18. Lethargic and disorganised on a present shopping trip? (8)
{LISTLESS} – Cryptic definition, how you might feel if you forgot your shopping list.

19. Where to find a bird for Christmas (4,4)
{PEAR TREE} – Cryptic definition, where you would find a partridge according to the song.

21. Sung or spoken at church, a work like the Messiah (6)
{CHORAL} – CH (church) and ORAL (sung or spoken) is something sung by a chorus or a choir. Hallelujah!

22. Join up tinsel that’s come to pieces (6)
{ENLIST} – An anagram (come to pieces) of TINSEL is another word for enrol.

26. Do nothing like Jack in pantomime (4)
{IDLE} – A character from Dick Whittington is also another word for “do nothing”.

27. Winter coat, perhaps (4)
{HOAR} – Cryptic definition, a white or greyish-white covering of frost.

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11 Comments

  1. Prolixic
    Posted December 24, 2009 at 12:07 pm | Permalink

    According to J, Rufus set today’s treat. Polished this off in the wee hours of this morning whilst my better half watched Wallender. Enjoyable start to Christmas Eve. Off out with two manic boys now.

  2. Nubian
    Posted December 24, 2009 at 12:30 pm | Permalink

    Thanks for the blog Libellule, now you can relax off duty and have a few hot toddys.
    I am climbing into a bottle for the next few days and I suggest you all do the same,
    See you all on the flip side
    Merry whatsisname and Bonne Anne

    Gerard

  3. Franny
    Posted December 24, 2009 at 1:37 pm | Permalink

    I enjoyed this very much and did it quite quickly, though I got stuck on the last few words, 5d (of course!) and 29a, and needed your guidance. The seasonal theme was fun and my favourites were 20a and 18d, which is just how I feel!

    Best wishes to all :-)

  4. barrie21
    Posted December 24, 2009 at 2:14 pm | Permalink

    Excellent puzzle, really enjoyed it and learned 2 new words OSCULATE to kiss and WAITS for carollers, will look this up in my new Chambers assuming Santa comes through!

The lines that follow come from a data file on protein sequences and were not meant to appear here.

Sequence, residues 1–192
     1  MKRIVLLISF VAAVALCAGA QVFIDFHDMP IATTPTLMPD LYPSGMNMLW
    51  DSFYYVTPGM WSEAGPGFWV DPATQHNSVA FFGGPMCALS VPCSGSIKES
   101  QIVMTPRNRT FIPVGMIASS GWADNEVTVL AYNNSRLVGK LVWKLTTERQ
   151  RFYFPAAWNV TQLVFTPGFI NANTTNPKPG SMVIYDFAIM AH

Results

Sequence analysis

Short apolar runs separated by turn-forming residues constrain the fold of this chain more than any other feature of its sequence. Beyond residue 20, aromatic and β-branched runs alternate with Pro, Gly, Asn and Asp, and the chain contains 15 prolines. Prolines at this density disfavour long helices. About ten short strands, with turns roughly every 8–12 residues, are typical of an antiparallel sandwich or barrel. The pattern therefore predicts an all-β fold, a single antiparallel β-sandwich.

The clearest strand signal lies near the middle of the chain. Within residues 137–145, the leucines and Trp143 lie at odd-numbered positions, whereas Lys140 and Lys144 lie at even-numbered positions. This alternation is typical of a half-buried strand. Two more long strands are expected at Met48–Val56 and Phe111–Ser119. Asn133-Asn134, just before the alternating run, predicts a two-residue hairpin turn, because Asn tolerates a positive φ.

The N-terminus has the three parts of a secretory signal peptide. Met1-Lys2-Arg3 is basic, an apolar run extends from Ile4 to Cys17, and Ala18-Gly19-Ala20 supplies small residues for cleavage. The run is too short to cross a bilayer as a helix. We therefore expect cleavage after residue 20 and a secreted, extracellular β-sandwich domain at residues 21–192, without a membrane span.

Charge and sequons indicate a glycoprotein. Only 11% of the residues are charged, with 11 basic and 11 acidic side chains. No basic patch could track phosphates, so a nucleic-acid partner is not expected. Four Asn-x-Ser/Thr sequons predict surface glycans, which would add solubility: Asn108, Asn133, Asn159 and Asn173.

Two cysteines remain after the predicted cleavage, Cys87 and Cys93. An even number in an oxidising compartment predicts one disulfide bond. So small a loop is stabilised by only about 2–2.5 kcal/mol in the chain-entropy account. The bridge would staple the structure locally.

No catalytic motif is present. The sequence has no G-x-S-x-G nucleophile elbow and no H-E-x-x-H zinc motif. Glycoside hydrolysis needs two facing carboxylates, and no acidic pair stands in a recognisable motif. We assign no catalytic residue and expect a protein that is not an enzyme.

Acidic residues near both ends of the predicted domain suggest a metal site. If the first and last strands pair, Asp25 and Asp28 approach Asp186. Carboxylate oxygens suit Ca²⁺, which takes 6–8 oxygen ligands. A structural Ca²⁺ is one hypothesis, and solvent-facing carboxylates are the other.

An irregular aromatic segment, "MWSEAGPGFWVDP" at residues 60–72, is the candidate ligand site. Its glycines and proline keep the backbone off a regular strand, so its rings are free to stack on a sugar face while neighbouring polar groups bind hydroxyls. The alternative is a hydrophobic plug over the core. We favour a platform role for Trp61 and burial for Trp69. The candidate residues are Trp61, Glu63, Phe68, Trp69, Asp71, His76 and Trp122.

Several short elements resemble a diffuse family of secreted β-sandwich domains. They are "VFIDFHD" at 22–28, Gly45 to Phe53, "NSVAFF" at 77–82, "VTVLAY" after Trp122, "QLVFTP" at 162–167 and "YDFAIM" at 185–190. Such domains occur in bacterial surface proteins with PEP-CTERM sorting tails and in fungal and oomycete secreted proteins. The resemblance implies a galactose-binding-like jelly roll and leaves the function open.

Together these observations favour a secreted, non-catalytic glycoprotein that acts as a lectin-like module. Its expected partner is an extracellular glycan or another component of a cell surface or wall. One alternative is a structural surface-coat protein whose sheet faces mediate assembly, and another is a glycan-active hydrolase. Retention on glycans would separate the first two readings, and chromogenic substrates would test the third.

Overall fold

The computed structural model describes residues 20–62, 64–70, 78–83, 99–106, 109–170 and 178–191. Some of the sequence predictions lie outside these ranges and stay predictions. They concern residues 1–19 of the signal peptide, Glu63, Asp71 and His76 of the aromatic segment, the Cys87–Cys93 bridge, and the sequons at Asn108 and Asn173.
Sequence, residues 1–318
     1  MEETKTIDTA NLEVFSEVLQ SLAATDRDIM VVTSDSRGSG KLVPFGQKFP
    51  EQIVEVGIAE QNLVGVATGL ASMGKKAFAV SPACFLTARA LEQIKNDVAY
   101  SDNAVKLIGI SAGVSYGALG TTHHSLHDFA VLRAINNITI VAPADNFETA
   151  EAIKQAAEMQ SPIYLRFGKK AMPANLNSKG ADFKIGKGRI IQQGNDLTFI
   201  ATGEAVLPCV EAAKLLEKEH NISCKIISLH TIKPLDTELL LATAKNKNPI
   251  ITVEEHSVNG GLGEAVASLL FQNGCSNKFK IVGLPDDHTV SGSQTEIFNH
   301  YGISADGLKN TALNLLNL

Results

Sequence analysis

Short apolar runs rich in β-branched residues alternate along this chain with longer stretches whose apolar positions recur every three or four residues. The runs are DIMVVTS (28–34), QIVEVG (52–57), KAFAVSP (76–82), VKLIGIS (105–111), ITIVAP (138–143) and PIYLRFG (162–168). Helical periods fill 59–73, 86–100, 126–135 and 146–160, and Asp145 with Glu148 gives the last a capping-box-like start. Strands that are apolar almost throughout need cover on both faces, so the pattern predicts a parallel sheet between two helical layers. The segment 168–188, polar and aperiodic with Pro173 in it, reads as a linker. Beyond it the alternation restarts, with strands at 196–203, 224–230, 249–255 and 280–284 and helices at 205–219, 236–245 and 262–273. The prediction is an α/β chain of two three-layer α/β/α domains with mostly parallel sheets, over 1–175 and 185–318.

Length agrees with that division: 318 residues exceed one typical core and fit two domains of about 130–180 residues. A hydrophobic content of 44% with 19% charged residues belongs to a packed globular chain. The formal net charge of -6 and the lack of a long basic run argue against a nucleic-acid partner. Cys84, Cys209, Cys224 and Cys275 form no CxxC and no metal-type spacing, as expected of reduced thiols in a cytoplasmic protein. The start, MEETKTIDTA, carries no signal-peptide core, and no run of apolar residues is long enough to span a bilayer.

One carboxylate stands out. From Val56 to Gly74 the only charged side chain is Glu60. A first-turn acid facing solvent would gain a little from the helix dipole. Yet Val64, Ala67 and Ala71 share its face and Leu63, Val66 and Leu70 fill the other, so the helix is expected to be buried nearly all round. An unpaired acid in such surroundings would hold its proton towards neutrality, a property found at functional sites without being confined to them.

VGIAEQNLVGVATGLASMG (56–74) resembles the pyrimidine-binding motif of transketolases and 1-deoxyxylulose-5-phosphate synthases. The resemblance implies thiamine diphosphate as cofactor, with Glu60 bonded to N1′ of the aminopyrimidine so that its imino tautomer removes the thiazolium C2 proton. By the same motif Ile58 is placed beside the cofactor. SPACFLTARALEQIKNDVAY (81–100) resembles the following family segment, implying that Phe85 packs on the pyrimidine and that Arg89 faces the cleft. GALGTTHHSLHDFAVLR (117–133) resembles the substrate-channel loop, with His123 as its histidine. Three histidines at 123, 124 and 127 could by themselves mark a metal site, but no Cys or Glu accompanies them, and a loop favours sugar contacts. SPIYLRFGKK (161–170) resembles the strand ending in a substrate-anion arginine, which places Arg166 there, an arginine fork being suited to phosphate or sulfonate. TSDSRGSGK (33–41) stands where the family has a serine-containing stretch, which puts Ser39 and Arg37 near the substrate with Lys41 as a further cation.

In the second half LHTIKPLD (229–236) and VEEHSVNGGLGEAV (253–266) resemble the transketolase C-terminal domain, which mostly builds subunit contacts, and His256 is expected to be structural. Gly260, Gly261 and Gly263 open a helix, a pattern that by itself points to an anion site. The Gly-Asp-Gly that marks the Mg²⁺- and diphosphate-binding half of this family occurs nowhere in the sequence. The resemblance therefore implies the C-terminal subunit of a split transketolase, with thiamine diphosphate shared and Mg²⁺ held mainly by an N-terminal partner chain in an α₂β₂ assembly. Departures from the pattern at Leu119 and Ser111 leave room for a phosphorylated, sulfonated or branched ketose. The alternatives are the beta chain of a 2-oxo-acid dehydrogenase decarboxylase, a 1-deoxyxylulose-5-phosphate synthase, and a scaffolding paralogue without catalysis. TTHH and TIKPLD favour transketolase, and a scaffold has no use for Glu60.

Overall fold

A MERRY CHRISTMAS TO ALL ON THE BLOG AND THANKS TO THE ORGANISERS AND COMPILERS, THANKS FOR PUTTING UP WITH MY FRUSTRATION.
    MERRY CHRISTMAS MARY AND TO ALL IN THE CC.

  5. NathanJ
    Posted December 24, 2009 at 3:13 pm | Permalink

    Merry Christmas all!

    It is already Christmas here in Australia (we’re into the wee small hours of Christmas morning).

    I found this Christmas-themed puzzle good fun to solve. I liked 17a, 20a and 18d.

    Thanks once again to Rufus for his puzzles this year – Merry Christmas!

    Merry Christmas also to Libellule, Big Dave, Tilsit, Gazza, Peter Biddlecombe, Anax, Rishi and to all those who read and enjoy this wonderful website.

  6. Little Dave
    Posted December 24, 2009 at 4:45 pm | Permalink

    Merry Christmas one and all. An enjoyable puzzle. Will see you all in the near year – off to watch some cricket in South Africa. Season’s greetings.

    • gnomethang
      Posted December 24, 2009 at 5:00 pm | Permalink

      Lucky Pup!
      Have fun.

  7. gnomethang
    Posted December 24, 2009 at 4:59 pm | Permalink

    Found 9d s bit dodgy, 10a was a runaway favourite – I knew the word from my Latin days.

    Thanks for the review and continued Seasons Greetings!

  8. randombloke
    Posted December 24, 2009 at 9:19 pm | Permalink

    An enjoyable puzzle with a few testing clues. Liked 20a and 18d. I had to laugh at 5d as it is indeed a Masonic term and was the first clue that I got.
    By the way am I the only one who can’t access the site via either Internet Explorer or Mozilla Firefox for the past 2 weeks? Can’t work out what is going on so I’m reduced to the execrable web browser that is AOL….
    Happy Xmas to everyone.

    • Posted December 24, 2009 at 9:40 pm | Permalink

      Randombloke

      I had heard that the “faux snow” could cause problems, but I have checked it successfully over the last two or three days using the latest versions of Firefox 3.5.6, Internet Explorer 8.0, Safari 4.0.4, Opera 10.10, and Google Chrome 3.0.195.38

  9. Derek
    Posted December 28, 2009 at 12:22 pm | Permalink

    I only got round to doing this this morning having been away at my daughter’s for Christmas.
    Quite a good puzzle once you remembered the song about the Days of Christmas!
    Partridge in a Pear Tree etc. (some opine that the pear tree is the French perdrix)
    We do not get the Boxing Day DT – likewise we never get Easter Monday issue – so I’ll miss 26121.

    Seasonal greetings to all participants of crosswording!